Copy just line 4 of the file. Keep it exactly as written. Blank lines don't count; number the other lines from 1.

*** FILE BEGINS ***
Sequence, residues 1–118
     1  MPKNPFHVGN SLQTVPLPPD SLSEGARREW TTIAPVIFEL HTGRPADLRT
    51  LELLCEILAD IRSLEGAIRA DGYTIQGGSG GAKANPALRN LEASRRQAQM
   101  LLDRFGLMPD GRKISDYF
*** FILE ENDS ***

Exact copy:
   101  LLDRFGLMPD GRKISDYF